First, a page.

Back in the dot-com era, Netscape co-founder Jim Clark, frustrated with the fact that his medical records were scattered all over the place, started a company called Healtheon to address the problem. It was a great idea, but premature. Now, more than a decade later, the US government the healthcare industry seem determined at last to bring the full benefits of digitization and connectivity to healthcare in the US. At the same time, the maturation of cloud computing makes it possible to pull together an individual’s health information from a wide variety of sources and place it at the finger tips of healthcare providers.
That’s the backdrop for a significant new service announcement today by IBM and ActiveHealth Management, a subsidiary of Aetna. Collaborative Care, a new cloud service, gives physicians and patients access to the information they need to improve the quality of care without requiring healthcare organizations to invest in owning new technology. Using Collaborative Care, hospitals and physicians can access, share, and analyze a wide range of clinical and administrative information; automate the measurement and reporting of treatment outcomes; and improve patient care by using Aetna’s decision-support system. In addition, patients can be more actively involved in their care through a Web portal. “This partnership puts in place a new model that can drastically improve the way care is delivered,” says Robert Merkel, vice president and healthcare industry leader, IBM Global Business Services.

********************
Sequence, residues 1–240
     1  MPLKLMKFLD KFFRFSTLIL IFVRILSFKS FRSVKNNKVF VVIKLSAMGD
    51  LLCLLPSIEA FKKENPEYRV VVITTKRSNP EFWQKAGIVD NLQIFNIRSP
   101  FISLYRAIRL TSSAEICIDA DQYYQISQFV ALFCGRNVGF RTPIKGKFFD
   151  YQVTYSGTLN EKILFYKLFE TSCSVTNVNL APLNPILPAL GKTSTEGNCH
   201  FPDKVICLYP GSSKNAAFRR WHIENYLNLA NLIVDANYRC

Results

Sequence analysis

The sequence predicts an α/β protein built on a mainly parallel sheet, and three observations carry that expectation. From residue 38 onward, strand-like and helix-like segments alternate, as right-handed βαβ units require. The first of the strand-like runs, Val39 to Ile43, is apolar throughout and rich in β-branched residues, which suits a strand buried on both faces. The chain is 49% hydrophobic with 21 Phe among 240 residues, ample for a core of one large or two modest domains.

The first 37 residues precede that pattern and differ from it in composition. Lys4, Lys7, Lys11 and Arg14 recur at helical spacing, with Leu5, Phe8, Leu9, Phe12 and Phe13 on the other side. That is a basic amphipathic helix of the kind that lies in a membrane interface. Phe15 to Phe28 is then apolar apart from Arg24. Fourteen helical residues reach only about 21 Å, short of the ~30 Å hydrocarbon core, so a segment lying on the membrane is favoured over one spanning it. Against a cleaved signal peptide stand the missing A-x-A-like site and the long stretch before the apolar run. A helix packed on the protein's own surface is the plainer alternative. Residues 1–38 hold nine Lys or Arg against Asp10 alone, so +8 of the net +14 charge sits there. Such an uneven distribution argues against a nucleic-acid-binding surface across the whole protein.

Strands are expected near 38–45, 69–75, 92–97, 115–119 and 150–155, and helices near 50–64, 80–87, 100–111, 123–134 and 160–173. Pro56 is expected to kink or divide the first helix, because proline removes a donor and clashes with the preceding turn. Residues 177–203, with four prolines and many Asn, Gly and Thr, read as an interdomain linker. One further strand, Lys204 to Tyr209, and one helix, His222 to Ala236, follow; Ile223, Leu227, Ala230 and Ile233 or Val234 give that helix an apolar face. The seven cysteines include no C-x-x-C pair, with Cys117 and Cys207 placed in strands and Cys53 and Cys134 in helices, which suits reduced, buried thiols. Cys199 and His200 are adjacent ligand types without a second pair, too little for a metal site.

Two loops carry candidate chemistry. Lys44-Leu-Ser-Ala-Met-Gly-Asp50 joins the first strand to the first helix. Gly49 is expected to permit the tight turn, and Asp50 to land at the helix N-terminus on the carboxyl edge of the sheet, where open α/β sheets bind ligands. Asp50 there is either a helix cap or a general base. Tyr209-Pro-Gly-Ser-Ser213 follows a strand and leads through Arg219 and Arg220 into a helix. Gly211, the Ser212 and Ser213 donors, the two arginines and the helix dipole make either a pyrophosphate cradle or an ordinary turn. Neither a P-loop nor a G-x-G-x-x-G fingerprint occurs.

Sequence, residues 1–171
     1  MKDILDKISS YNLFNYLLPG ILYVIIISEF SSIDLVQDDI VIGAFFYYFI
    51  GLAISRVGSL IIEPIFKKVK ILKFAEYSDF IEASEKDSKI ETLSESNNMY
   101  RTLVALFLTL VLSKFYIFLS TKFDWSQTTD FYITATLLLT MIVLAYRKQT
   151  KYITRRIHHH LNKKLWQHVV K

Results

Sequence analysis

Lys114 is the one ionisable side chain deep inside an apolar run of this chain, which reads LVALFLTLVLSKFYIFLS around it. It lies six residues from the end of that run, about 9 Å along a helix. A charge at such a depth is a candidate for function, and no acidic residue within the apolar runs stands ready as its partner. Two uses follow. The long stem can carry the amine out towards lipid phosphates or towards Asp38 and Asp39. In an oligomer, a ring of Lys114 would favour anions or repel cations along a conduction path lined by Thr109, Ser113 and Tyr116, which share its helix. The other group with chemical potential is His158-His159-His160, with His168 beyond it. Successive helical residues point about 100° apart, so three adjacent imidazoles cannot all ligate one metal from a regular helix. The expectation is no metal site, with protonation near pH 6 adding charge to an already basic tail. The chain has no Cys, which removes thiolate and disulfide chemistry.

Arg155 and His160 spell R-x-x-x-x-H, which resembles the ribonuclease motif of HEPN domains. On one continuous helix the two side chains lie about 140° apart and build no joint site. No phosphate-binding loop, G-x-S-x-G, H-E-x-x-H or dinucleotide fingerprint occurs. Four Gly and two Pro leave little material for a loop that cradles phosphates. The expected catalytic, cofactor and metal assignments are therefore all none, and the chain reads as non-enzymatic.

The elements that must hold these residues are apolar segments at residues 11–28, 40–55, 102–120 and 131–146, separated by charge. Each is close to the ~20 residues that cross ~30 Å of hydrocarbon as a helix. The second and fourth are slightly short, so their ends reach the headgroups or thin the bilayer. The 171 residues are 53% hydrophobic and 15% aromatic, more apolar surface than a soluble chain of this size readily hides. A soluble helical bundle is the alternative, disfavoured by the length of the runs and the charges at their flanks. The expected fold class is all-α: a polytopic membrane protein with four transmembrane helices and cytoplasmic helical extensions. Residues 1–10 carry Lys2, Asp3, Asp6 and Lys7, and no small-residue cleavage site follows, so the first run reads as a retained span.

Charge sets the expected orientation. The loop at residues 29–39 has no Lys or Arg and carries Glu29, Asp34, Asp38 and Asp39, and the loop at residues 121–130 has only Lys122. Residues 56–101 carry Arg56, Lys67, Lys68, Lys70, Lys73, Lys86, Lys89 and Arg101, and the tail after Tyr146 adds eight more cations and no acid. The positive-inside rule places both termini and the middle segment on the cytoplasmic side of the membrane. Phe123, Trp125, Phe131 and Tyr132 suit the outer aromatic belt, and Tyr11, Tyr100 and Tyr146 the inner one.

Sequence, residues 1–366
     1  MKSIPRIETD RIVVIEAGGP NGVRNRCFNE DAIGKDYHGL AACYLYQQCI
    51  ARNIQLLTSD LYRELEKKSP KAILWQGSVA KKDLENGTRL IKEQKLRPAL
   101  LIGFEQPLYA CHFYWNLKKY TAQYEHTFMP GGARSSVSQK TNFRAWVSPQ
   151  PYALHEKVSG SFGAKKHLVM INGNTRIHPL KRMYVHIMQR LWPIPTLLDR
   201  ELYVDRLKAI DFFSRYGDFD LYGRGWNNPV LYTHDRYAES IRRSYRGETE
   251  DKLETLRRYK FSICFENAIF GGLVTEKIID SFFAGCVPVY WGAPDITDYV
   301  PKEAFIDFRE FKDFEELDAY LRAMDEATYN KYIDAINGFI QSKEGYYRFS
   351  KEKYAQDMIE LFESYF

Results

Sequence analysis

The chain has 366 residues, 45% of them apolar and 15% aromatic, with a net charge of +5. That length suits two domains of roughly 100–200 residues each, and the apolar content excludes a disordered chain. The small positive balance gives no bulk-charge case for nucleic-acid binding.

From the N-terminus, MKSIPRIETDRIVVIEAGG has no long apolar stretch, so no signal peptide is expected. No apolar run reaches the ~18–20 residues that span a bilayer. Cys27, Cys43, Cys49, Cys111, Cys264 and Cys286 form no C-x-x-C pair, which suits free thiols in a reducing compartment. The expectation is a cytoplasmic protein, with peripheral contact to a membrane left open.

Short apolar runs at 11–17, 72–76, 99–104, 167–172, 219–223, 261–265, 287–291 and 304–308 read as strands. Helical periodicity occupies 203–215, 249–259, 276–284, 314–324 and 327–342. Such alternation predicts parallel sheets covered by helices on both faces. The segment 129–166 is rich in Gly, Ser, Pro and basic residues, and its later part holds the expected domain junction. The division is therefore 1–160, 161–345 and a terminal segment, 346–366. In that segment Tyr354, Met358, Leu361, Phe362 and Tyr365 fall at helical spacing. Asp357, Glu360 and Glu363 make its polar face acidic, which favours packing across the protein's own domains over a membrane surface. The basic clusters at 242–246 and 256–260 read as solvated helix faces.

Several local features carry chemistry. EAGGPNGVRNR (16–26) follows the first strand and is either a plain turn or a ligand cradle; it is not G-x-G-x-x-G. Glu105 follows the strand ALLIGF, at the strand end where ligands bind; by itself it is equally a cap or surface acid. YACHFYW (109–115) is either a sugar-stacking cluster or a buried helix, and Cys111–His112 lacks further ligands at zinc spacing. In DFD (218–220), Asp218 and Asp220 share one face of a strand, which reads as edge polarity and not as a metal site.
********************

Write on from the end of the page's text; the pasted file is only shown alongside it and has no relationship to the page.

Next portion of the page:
Think of the service as a virtual healthcare system located in the computing cloud.
IBM and ActiveHealth Management are co-investing in the business. While other companies offer piece-parts of the service, nobody else offers such a comprehensive solution. Sharp Community Medical Group, an association of primary care physicians and specialists in San Diego, Calif., is testing the service.
Challenges remain. Many independent physicians and smaller healthcare organizations don’t yet have electronic medical records systems, and even some of the larger healthcare organizations don’t yet have full interconnectivity within their own departments. But, starting next year, the US government’s Health Information Technology for Economic and Clinical Health program provides strong incentives for going digital.
At last, Jim Clark’s vision seems to be coming to fruition. But, these days, he has left his aspirations to transform healthcare behind and is a real estate developer in Florida, so these advances aren’t doing him any good–financially, anyway. Still, they could end his frustrations with the splintering of his own health information.